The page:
Scientists believe that Europa has all the ingredients required for life to form—liquid water, organic chemicals, and an energy source. Therefore, the icy moon possesses the potential to harbor life.
Are we alone? Is there life beyond the pale blue dot of Earth?
These questions have haunted every human on this planet at least once in their life. Extra-terrestrial life is something that has intrigued us for centuries, but getting firm answers on the existence of “other” life is very difficult.
With trillions of galaxies and billions of stars in each of them, there must be at least one other planet that harbors life, right? However, with our current technology, it is extremely hard to approach other stellar systems, let alone galaxies, in search of life.
So, the next best step is to look within our own solar system. Scientists have been doing this for decades, and have actually found a place that might harbor life—the icy moon of Jupiter, Europa.
But why is this moon, located near the most hostile planet of our solar system, covered with ice sheets, exposed to deadly radiation, and without an adequate amount of sunlight, considered the best place for life to flourish?
Let’s find out!
The necessary conditions for life
The three major ingredients required for the formation of life are:
- Liquid water
- Elements such as carbon, hydrogen, nitrogen, etc.
- An energy source
Among these, liquid water is the most important and the most difficult component to obtain. If a celestial body is too close to the sun, the water evaporates. If it is too far, the water freezes to ice. In between these extremes is a perfect zone where liquid water exists and supports life called the Habitable Zone or the Goldilocks Zone. In our solar system, Earth is the only planet in the Goldilocks zone.
Europa, however, lies far beyond the habitable range, with a surface temperature of -160°C, but it supposedly has twice the amount of liquid water than all the oceans of Earth combined.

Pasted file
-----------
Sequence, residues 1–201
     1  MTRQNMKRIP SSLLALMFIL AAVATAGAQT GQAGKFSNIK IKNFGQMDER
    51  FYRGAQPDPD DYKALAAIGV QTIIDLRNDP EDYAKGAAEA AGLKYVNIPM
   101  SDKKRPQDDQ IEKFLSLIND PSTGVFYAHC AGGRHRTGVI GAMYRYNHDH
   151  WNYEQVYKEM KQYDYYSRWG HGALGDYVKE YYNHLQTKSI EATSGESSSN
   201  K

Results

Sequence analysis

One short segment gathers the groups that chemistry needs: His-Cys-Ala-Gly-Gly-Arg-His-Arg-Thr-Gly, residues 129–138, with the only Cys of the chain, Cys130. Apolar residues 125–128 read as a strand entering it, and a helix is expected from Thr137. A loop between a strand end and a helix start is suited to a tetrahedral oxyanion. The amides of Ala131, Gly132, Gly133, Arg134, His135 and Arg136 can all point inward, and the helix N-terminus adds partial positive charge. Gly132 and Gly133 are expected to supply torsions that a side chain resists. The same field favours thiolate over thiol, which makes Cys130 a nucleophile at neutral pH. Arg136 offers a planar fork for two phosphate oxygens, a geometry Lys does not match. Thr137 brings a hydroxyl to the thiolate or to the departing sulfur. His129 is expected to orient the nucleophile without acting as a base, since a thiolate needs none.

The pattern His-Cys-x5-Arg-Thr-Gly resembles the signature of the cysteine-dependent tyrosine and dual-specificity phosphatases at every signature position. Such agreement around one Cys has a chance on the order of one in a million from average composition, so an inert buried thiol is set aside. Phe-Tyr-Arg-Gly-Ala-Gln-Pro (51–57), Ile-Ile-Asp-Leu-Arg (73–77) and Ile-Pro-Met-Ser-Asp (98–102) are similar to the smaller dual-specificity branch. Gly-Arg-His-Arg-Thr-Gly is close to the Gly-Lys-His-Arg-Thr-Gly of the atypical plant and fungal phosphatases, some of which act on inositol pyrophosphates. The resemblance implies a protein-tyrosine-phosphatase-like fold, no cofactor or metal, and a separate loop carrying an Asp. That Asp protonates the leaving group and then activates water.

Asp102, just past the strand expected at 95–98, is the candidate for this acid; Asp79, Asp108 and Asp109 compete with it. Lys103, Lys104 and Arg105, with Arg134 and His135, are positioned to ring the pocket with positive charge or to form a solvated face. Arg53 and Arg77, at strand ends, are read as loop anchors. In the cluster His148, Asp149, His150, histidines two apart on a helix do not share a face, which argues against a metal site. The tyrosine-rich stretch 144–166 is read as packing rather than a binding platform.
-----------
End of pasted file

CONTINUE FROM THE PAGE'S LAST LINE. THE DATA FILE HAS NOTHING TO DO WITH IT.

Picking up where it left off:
Europa, named after the Greek goddess of the same name and discovered by Galileo Galilei in 1610, is one of the 79 known moons of Jupiter. It is the sixth-largest moon in our solar system, at about 90% the size of Earth’s moon. Although smaller than our moon, it shines five times brighter, due to an icy crust that reflects a large amount of light.
The whole moon is covered with a shell of water ice, which is estimated to be about 15-25 km thick. Sunlight takes roughly 45 minutes to reach Europa and is therefore very faint.
Europa is supposed to have an iron core, a rocky mantle, a layer of ocean with liquid water, and an icy crust crossed with brownish lines called lineae. Scientists believe that this layer of ocean, between the icy shell and the warm rocks, provides a perfect condition for life to flourish.
Where does Europa get energy from?
Solar energy cannot power Europa, but the moon has access to the second-largest celestial body in our solar system—Jupiter.
Tidal Flexing of Jupiter
Just like the earth and moon, Europa is tidally locked to Jupiter, meaning that the same side of Europa faces Jupiter all the time. Furthermore, it has an elliptical orbit. As a result, the gravitational pull experienced by the moon varies; that is, the closer Europa is to Jupiter, the stronger the tidal bulge becomes. This results in the moon being stretched, through a process called tidal flexing.
The strong tidal action from the giant Jupiter warms up Europa by converting tidal energy to heat energy. In simple words, the gravitational energy of Jupiter generates heat in Europa’s interior, which might aid in melting some of the ice.